Heraclides Ponticus

Heraclides Ponticus, as he is usually called, was, as his name denotes, a native of Pontus. He migrated to Athens, where he became a disciple of Plato, who, while absent in Sicily, entrusted him with the care of his school.


Speusippus was the nephew of Plato, and succeeded him as President of the Academy; but he continued so but a short time, and, within eight years of the death of Plato, he died at Athens, b.c. 339. He refused to recognise the Good as the ultimate principle; but, going back to the older theologians, maintained that the origin of the universe was to be set down indeed as a cause of the Good and Perfect, but was not the Good and Perfect itself; for that was the result of generated existence or development, just as plants are of the seeds. When, with the Pythagoreans, he reckoned the One in the series of good things, he probably thought of it only in opposition to the Manifold, and wished to point out that it is from the One that the Good is to be derived. He appears, however, (see De Nat. Deor. i. 13,) to have attributed vital activity to the primordial unity, as inseparably belonging to it.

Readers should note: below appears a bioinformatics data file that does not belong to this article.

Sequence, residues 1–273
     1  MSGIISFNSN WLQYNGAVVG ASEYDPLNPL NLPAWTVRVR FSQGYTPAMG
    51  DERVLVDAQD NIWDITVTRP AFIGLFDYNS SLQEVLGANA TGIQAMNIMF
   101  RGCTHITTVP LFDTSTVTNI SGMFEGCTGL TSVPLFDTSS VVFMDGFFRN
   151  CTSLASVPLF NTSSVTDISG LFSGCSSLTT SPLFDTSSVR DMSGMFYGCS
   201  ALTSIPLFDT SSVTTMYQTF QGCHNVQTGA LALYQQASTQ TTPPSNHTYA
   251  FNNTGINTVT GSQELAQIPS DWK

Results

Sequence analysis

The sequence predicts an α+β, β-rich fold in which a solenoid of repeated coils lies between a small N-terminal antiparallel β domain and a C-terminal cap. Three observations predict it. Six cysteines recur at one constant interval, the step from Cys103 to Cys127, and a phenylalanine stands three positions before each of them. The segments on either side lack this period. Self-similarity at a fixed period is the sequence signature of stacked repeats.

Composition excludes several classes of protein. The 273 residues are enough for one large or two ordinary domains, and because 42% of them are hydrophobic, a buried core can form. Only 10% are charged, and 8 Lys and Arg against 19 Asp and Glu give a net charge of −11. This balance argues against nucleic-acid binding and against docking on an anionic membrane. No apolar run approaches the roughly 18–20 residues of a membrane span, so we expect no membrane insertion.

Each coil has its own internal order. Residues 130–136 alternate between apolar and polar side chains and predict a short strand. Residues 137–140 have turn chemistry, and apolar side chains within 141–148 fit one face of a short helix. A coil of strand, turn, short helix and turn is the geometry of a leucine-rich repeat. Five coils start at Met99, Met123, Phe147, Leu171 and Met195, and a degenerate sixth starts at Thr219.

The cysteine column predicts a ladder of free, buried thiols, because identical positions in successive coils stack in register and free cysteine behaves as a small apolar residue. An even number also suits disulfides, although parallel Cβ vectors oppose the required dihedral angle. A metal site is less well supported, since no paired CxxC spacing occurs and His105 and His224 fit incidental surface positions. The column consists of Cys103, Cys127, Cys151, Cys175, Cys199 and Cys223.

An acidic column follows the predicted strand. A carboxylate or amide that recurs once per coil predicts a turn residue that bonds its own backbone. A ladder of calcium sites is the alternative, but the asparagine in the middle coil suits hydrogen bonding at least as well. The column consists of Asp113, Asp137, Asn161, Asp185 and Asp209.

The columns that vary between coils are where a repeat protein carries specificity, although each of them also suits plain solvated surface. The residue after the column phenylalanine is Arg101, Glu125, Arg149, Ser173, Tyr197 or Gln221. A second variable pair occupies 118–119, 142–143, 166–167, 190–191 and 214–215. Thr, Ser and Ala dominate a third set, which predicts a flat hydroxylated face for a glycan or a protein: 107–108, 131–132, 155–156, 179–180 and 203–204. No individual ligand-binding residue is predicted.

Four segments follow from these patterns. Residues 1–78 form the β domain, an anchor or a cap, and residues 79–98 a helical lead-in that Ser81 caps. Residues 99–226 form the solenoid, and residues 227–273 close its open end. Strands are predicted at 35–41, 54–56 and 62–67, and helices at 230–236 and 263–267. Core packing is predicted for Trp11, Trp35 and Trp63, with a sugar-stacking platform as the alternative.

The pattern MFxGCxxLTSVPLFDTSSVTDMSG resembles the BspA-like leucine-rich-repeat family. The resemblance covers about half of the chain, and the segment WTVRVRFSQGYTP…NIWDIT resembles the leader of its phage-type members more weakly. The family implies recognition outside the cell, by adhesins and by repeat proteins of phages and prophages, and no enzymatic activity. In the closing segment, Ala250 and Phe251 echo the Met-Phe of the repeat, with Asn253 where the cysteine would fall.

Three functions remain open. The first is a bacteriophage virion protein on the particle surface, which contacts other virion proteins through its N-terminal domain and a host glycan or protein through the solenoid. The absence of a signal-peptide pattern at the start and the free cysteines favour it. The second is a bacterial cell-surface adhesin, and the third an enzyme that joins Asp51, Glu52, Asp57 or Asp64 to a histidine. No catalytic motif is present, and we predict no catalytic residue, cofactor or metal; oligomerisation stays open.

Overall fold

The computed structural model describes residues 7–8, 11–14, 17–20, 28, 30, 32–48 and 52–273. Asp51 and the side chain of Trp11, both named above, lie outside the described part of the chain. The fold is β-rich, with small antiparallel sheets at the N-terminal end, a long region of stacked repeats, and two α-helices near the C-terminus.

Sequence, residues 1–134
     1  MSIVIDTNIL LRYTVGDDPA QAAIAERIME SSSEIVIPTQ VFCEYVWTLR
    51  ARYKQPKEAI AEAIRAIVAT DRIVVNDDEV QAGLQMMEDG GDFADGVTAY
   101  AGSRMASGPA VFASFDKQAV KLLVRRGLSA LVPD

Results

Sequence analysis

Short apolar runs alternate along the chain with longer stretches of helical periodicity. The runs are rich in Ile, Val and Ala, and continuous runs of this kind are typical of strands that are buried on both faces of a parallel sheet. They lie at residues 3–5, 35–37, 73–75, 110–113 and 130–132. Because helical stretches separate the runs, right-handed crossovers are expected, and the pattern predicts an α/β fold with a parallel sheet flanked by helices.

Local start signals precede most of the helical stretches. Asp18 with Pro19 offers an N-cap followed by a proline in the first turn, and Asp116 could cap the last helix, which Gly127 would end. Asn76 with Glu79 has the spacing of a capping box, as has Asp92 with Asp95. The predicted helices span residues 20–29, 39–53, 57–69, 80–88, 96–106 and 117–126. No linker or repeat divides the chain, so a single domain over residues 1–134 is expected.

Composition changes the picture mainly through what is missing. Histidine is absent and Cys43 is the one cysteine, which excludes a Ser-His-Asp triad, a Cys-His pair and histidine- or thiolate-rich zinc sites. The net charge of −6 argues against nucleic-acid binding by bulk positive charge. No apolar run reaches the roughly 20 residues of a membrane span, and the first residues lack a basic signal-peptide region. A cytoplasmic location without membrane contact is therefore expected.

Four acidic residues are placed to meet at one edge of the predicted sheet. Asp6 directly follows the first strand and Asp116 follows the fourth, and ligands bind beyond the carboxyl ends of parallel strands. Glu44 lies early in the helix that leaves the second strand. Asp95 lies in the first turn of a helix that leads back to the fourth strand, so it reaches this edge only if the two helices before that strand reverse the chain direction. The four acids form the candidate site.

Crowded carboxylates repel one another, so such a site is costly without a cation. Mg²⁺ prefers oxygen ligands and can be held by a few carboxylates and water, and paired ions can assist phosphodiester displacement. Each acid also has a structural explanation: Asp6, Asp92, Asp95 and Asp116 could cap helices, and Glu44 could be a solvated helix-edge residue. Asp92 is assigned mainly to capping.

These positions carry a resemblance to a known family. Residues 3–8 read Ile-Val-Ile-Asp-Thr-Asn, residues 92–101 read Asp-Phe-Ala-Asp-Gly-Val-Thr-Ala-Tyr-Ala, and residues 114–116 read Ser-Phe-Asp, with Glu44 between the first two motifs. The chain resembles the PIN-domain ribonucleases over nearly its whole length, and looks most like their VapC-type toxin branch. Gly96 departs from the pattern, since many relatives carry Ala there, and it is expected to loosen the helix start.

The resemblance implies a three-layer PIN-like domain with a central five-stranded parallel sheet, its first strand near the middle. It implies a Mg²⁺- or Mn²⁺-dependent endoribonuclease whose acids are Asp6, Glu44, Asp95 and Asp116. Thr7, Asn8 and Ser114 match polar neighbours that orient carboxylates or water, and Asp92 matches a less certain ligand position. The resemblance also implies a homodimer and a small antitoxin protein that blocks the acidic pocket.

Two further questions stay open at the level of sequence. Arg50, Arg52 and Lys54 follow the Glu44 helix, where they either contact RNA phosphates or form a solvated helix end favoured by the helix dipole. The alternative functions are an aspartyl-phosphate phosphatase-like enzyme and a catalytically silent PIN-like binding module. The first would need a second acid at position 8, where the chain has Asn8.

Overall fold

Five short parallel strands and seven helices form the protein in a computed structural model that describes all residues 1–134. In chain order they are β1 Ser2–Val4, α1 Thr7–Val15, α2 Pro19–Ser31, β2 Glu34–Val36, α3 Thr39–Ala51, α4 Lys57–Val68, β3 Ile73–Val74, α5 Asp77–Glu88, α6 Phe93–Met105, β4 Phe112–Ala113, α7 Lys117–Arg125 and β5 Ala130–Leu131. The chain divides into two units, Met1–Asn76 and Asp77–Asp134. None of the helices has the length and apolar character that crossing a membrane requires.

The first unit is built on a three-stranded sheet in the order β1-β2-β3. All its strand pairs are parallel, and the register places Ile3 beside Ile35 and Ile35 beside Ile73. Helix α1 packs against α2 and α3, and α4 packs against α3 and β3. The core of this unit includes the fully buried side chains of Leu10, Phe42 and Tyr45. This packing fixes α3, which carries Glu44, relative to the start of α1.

Theophrastus was a native of Eresus, from whence he migrated to Athens, where he became a follower of Plato, and afterwards of Aristotle, by whom, when he quitted Athens for Chalcis, he was designated as his successor in the presidency of the Lyceum; while in this position, he is said to have had two thousand disciples, and among them the comic poet Menander. When, b.c. 305, the philosophers were banished from Athens, he also left the city, but returned the next year on the repeal of the law. He lived to a great age, though the date of his birth is not certainly known.